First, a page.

Born in September 24, 1965
in Lake Charles, La
5-8/1.73m	140lbs./63kg
Buena HS, Ventura, Ca '83
Cal Poly/San Luis Obispo '87

PRs (outdoor):
200	24.10 '96
800	2:09.68 '96
100H	13.07 '96
300H	43.91 '81
400H	56.79 '88
HJ	5-9.74/1.77m '96
LJ	20-10.75/6.37m '96
SP	46-8.25/14.23m '96
JT	164-6/50.14m '89
Heptathlon	6352 '96

Major Meets (heptathlon unless noted):
1987	6h)USA 400H
1988	7h)Olympic Trials 400H
	9)Olympic Trials
1989	3)USA
1990	8h)USA 100H
1991	4)USA
	2)Pan American Games
1992	5)Olympic Trials
1994	5)USA
1995	5)USA
1996	3)Olympic Trials
	9)Olympic Games


Perseverance can make champions, but as the word implies, it doesn't happen overnight. Take Sharon Hanson, for example. She came out of high school a 13.9, 43.91 hurdler. Solid running, and good enough to attract some recruiters. At Cal Poly/SLO, she gravitated to the heptathlon, an event that harnessed her boundless energy and love of competition.

But with a best of 5,413 points when she graduated in 1987, Hanson not only wasn't a star -- she could barely qualify for the meets to compete against the stars. "My scores were terrible," she readily admits. "With those kind of scores, you don't get handed sponsorships, you don't get handed money." Hanson had one quality that pushed her through. "The drive," she says. "That inner satisfaction was there. I could feel that I needed to continue. There was just something inside of me that said you need to keep striving."

One thing that the statistics fail to show are all the knee surgeries Hanson endured. "I knew I had the ability to compete at a high level," she says. "It was a matter of getting my knee right."

Hard work brought steady improvement. In 1988, she competed in the Olympic Trials, placing eighth. She also ran in the heats of the 400 hurdles there. In 1990, she finally cracked the 6,000-point barrier, getting a third at the USA Championships. But in the years since then, Hanson distinguished herself as the, well... also-ran.

"I've always been that one who placed fourth or who didn't make it by 5 points," she explains. "But I really believed that 1996 was my turn. I made it a habit to not let any day go by without telling myself I was going to make the Olympic team. I felt that I deserved to make it. I gave it my all, and I'm really pleased with that."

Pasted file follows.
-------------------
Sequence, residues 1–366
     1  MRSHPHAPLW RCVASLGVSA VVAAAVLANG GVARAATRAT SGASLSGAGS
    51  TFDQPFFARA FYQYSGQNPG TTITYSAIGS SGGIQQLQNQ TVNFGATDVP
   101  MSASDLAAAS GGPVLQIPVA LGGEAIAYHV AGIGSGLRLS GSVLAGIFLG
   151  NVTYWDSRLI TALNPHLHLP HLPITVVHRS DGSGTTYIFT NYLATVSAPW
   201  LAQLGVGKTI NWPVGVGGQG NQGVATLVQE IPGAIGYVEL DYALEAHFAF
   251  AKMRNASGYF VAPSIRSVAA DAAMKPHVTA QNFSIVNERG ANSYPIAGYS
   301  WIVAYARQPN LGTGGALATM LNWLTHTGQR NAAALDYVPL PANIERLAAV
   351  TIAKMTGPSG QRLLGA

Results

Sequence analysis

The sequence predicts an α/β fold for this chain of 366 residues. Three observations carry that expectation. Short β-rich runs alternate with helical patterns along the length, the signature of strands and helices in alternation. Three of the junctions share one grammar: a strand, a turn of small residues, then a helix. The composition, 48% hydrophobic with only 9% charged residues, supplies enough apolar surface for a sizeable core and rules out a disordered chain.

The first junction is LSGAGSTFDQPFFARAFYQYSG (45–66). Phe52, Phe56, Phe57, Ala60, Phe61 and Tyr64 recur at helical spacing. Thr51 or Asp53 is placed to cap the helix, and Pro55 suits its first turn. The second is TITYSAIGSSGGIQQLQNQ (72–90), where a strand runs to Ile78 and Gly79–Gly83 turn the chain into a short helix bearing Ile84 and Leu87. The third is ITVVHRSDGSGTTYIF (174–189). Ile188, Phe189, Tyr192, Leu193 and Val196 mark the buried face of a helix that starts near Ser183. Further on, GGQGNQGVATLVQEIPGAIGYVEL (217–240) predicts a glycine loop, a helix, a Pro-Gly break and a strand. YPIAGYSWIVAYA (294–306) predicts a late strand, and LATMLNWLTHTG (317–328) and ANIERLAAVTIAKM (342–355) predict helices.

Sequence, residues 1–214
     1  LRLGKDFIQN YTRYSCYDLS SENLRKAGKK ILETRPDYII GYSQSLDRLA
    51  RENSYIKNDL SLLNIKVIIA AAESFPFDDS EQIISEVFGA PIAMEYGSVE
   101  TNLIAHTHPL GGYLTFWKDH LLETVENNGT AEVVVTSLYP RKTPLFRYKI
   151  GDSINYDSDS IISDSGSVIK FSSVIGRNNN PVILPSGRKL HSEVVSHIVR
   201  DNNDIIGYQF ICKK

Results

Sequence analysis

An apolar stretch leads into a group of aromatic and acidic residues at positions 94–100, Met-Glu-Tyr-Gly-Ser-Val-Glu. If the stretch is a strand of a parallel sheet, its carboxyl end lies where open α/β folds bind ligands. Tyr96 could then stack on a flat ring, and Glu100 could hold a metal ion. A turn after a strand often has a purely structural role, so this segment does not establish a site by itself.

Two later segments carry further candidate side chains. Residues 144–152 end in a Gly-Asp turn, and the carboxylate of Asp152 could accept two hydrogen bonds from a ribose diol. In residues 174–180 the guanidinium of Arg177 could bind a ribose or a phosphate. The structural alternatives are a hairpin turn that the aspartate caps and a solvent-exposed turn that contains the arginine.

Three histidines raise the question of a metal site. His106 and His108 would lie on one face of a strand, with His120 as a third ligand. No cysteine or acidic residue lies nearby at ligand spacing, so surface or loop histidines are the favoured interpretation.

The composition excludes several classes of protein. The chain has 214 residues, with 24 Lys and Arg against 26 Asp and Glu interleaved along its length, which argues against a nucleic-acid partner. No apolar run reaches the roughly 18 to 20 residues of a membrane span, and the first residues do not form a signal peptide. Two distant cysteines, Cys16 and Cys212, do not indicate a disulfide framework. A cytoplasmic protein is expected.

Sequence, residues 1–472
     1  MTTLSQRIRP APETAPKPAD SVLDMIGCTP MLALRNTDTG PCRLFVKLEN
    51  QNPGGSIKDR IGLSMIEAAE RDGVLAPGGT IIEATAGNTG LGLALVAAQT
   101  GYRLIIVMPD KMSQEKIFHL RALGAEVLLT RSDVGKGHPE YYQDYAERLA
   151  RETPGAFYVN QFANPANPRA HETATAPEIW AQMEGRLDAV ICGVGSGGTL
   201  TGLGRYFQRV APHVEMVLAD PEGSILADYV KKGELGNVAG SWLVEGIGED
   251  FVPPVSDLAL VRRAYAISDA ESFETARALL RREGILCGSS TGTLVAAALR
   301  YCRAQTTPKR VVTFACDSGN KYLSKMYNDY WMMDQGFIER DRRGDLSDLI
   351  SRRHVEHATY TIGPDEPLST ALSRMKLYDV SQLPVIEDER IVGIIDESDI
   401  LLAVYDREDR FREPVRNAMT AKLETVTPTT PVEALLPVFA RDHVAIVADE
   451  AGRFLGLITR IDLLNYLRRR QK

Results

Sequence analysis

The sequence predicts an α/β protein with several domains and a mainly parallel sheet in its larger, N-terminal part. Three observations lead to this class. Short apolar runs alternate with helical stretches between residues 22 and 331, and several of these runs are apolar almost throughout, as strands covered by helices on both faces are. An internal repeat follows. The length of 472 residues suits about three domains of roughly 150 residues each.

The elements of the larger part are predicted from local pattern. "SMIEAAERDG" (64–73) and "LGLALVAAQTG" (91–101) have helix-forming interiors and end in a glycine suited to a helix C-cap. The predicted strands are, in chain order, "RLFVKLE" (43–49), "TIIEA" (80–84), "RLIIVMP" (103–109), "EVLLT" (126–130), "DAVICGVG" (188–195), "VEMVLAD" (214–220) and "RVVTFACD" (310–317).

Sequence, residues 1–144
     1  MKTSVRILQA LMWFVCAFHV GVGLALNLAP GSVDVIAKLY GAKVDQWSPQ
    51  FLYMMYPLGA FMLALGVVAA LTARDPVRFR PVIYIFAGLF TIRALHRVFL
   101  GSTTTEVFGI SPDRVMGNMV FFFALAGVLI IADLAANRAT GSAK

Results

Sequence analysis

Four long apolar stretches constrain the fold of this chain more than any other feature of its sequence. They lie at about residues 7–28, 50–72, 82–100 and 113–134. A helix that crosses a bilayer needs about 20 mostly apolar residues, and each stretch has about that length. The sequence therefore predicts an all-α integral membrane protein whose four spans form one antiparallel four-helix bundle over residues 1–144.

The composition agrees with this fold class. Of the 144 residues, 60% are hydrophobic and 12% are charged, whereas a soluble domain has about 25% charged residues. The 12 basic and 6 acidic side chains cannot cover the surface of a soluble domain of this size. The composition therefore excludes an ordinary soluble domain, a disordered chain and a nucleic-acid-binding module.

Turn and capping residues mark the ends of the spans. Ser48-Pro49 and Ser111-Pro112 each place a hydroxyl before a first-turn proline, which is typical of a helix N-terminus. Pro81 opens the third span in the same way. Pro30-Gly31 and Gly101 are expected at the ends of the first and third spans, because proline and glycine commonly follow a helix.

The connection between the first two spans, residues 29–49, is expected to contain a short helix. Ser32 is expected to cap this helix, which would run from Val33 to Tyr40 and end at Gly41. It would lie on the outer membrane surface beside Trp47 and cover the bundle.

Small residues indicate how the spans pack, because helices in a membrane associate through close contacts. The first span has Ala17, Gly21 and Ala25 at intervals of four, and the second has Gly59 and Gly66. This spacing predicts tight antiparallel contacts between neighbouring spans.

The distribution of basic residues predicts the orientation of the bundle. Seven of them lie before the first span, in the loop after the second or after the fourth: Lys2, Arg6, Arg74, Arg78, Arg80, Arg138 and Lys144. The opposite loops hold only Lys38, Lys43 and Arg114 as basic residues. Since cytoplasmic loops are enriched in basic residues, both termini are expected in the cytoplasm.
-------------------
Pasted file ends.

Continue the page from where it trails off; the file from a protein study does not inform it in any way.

Not that the struggle was always pretty. Hanson was ranked in the top 10 Americans for the seven years leading up to 1996, but reveals, "My shoe contract with Nike was taken away in September before I made the Olympic team. It was a real eye-opening experience for me."

For her best year ever she went unsponsored, with the exception of the help the Olympic Job Opportunities Program and Home Depot provided. "Working," says Hanson, "is something that I need to do because I can go from point A to point B sometimes better with a job. I never wanted track and field to be my whole life. It's exciting to watch all the hype about the Olympics, but once it's over, I think, 'Oh. Thank goodness I have something else for people to talk to me about, or I would feel terrible.'"

Working with a support team led by coaches Norm Gordon and Greg Petrosian, not to mention orthopedic surgeon Wylie Lowery, her husband, Hanson came to the '96 Olympic Trials in the best shape of her life. "No one let me get out of line," she says. And she didn't waste time letting people know how strong she felt. On the wet track in Centennial Olympic Stadium, she unleashed the best flight of hurdles in her life, a startling 13.07. At the end of day one, the veteran stood in third place.

Day two started with a scare, as Hanson's 18-8.75 long jump fell two feet short of her best. She recovered with a strong javelin throw, and closed the competition with a lifetime best in the 800. She needed every bit of it, finishing in third by a slim margin of 25 points.

"When you make the Olympic team, after training for so long," she relates, "you feel a lot of ups."

The Games, of course, were the high point of Hanson's year, though she discovered the rigors of the big meet involved more than just competing: "I found it kind of stressful. You can't just go and stay at a hotel and go in the next morning and compete." Instead she found tight security, long bus rides, and restrictive warm-up periods. All the frustrations, however, disappeared when she stepped on the field.

"Standing out there in the pouring rain and seeing all the people who are cheering for you, that was incredible," she says. "The best part for me was having it in the U.S. and all the people who had helped me perform to the best of my ability were able to watch."

Hanson, whose father worked in the oil business, began her career as a five-year-old in Singapore. "They had an activity day there, it was a Wednesday. I just went out and competed. I got beat once, and I knew I didn't like that feeling. I ran again and I won and I remember that. It was the coolest feeling. It came naturally."

After dad's work brought the family back to the States, he entered her into an all-city age group meet. "We had a great track club. The coach, Gary Coyner, saw me standing there on the side and he asked my dad, 'How would you like her to run on our track team?' I didn't have spikes, and I won a second, a third, whatever. The next track meet I had spikes and I came home with all blue ribbons."

Hanson, who plans to continue competing in either the 100 hurdles or the heptathlon, looks back on those beginnings with fondness. "No one would have guessed that I would have made the Olympic team, but the thing that people forget is my passion for the sport. I trained extremely hard; I have to train twice as hard as others to get what I want."

It finally paid off, even if she did have to keep at it for 25 years.